The U.S. Supreme Court begins its next session Monday with a historically significant case in its docket that could potentially rock the student admissions staffs of every university in the nation.
The affirmative-action case before the Court is Fisher v. University of Texas at Austin.
The Supreme Court will begin consideration of the affirmative-action case on Oct. 10, and legal scholars are betting there is a good chance the conservative-leaning justices will rule in favor of the plaintiff, Abigail Fisher.
The court decided on a similar landmark case involving university admissions in 2003, when it narrowly ruled in favor of keeping in place affirmative-action policies on the part of the University of Michigan law school that helped keep intact the long-standing tradition of promoting diversity in the college admissions process. In short, the court decided in Grutter v. Bollinger that the University of Michigan could admit applicants to the law school based on a limited use of race as a consideration.
Fisher challenged a similar policy four years ago when she filed suit against the University of Texas at Austin. She was joined by Rachel Michalewicz as a plaintiff. The women claimed the school's admission policy discriminated against them because they are Caucasian.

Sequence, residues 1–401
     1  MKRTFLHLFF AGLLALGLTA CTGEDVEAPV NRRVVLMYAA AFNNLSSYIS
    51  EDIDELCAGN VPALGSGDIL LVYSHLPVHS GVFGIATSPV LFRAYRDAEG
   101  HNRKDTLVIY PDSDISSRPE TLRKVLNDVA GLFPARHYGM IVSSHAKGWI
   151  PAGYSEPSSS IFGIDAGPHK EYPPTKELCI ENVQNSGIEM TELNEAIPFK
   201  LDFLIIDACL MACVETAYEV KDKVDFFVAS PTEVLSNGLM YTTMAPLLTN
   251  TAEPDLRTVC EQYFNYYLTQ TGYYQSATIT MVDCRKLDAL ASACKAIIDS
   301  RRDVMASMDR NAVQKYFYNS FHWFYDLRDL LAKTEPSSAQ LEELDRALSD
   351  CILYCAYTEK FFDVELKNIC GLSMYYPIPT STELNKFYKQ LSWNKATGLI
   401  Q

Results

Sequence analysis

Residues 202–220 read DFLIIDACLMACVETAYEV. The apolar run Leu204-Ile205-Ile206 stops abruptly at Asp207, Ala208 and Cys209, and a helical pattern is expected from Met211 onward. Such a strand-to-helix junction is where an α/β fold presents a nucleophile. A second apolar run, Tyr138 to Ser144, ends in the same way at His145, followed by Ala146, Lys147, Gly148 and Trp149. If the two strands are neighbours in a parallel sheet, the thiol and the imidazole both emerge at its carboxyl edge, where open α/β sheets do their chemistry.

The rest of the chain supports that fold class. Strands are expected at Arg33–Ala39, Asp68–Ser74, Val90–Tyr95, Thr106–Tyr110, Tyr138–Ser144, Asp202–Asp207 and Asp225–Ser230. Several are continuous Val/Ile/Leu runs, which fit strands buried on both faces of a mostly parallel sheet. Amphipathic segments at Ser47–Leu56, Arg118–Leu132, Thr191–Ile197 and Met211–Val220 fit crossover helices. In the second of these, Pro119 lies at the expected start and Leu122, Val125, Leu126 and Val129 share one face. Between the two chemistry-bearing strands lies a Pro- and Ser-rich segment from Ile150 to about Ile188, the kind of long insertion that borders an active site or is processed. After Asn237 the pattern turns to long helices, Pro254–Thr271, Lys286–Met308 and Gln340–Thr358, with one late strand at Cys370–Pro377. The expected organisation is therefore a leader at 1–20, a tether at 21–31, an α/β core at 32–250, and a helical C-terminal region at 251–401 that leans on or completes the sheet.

At the heart of the matter in Fisher v. University of Texas at Austin is whether or not the school and state-enacted laws unfairly and disproportionately favor minority college applicants -- and Hispanic high school graduates in particular.
The Supreme Court's decision earlier this year to hear the Fisher case marks a turning point, because legal scholars had assumed the issue of affirmative action as it applies to college admissions had been decided in Grutter. With a 5-4 conservative majority, and Justice Elena Kagan recusing herself from the case, reportedly due to her previous position as U.S. solicitor general, court-watchers are anticipating a historic ruling that could alter more than 40 years of affirmative-action precedence in college admissions' policies for minorities.
For a complete review of the original case, please see Abigail Noel FISHER and Rachel Multer Michalewicz, Plaintiffs v. UNIVERSITY OF TEXAS AT AUSTIN, et al., Defendants.
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